Kevin Hagen

Active - 1957 - 1999  |   Born - Apr 3, 1928 in Chicago, Illinois  |   Died - Jul 9, 2005 in Grants Pass, OR  |   Genres - Drama, Western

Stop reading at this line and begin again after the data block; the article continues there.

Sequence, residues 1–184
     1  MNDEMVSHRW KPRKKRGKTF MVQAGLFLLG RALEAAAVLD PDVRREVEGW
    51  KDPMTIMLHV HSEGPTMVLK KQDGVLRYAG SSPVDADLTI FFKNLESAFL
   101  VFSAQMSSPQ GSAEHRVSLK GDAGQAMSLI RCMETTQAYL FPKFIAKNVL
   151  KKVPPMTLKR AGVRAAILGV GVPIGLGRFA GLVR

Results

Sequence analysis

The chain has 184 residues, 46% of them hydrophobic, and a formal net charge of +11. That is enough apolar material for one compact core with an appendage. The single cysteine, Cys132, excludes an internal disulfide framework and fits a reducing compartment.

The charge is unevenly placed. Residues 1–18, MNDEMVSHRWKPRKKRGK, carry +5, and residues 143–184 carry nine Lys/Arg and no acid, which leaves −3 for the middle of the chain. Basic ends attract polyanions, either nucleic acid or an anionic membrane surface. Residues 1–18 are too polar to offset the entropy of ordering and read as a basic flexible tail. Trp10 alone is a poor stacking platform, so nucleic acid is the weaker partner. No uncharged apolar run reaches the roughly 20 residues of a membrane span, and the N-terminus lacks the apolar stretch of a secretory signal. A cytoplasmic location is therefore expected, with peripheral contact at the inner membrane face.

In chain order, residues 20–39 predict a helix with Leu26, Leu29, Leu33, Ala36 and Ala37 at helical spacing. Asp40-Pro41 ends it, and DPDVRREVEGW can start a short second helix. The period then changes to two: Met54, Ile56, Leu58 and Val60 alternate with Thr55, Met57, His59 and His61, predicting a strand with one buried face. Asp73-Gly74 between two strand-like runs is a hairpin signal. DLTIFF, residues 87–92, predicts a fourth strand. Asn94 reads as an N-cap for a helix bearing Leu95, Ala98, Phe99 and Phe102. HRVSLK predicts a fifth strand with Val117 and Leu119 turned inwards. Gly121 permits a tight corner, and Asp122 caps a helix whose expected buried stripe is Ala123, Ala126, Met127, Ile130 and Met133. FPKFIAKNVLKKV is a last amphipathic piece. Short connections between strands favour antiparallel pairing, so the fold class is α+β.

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Kevin Hagen is a veteran character actor long associated with intense dramatic roles. He has portrayed everything from hitmen and rapists to prosecutors and police officers, but is perhaps best known to television audiences for his portrayal of the avuncular Dr. Baker on the long-running series Little House on the Prairie. Hagen was born and raised in and around Chicago, but moved to Portland, OR, during his teens. Following a two-year hitch in the United States Navy, he attended college on the G.I. Bill, majoring in international relations, and later worked for the U.S. State Department in Germany. Bored with that job, he considered a career in law but dropped out after one year. While trying to figure out what he wanted to do for a career, he auditioned for a production of the play Blind Alley and won a small role, despite the fact that he had never acted before. Within a year, Hagen had moved up to playing the lead in a production of James Thurber's play The Male Animal, and spent the next few years scraping out a living in small theatrical productions around Los Angeles in between studying with Agnes Moorehead, among other notables. His breakthrough came with his portrayal of stern patriarch Ephraim Cabot in a production of Eugene O'Neill's Desire Under the Elms -- that led to his getting an agent and, in turn, led to his television debut in an episode of Dragnet. He appeared in various dramatic anthology shows and played important guest-star parts on programs such as Gunsmoke, Rawhide, Cheyenne, M-Squad, and The Untouchables -- in one episode of the latter, "Stranglehold," Hagen brought a startling degree of humanity and depth to the part of a professional killer. Hagen made his feature-film debut in 1958 in the Disney-produced The Light in the Forest, and that same year, he got his first regular role in a series when he was cast in the part of John Colton, the city administrator of post-Civil War New Orleans, in Yancy Derringer. The show only ran for one season, but Hagen had more work than ever following the conclusion of filming, on such series as Bonanza, Perry Mason, The Man From U.N.C.L.E., The Felony Squad, and Mission: Impossible. He also did some film work, most notably in Andrew V. McLaglen's Civil War drama Shenandoah (1965), in which Hagen played the scavenging deserter who murders James Stewart's son (Patrick Wayne) and rapes and murders Stewart's daughter-in-law (Katharine Ross). During this period, he also began a string of appearances in television series produced by Irwin Allen, guest starring in episodes of Lost in Space, Voyage to the Bottom of the Sea, and Time Tunnel. Those roles led to Hagen's being cast as Inspector Kobick, the security officer pursuing the diminutive earthlings, in Allen's Land of the Giants. He brought a great deal of humanity and complexity to his portrayal of the character in the course of the series' two-season run. During the 1970s, Hagen made frequent guest appearances on series such as M*A*S*H, Quincy, and Knot's Landing. In 1974, Hagen was cast in the role for which he has become best known, as Dr. Baker in Little House on the Prairie. He portrayed the part for ten seasons and developed a serious fandom among the series' legions of viewers. Hagen left Hollywood for Oregon in the early '80s, and has continued his work in regional theater productions of such plays as West Side Story, Follies, and Oklahoma! He also performs his own one-man show, a mixture of songs, monologues, and prairie wit and wisdom drawn from his Little House persona.

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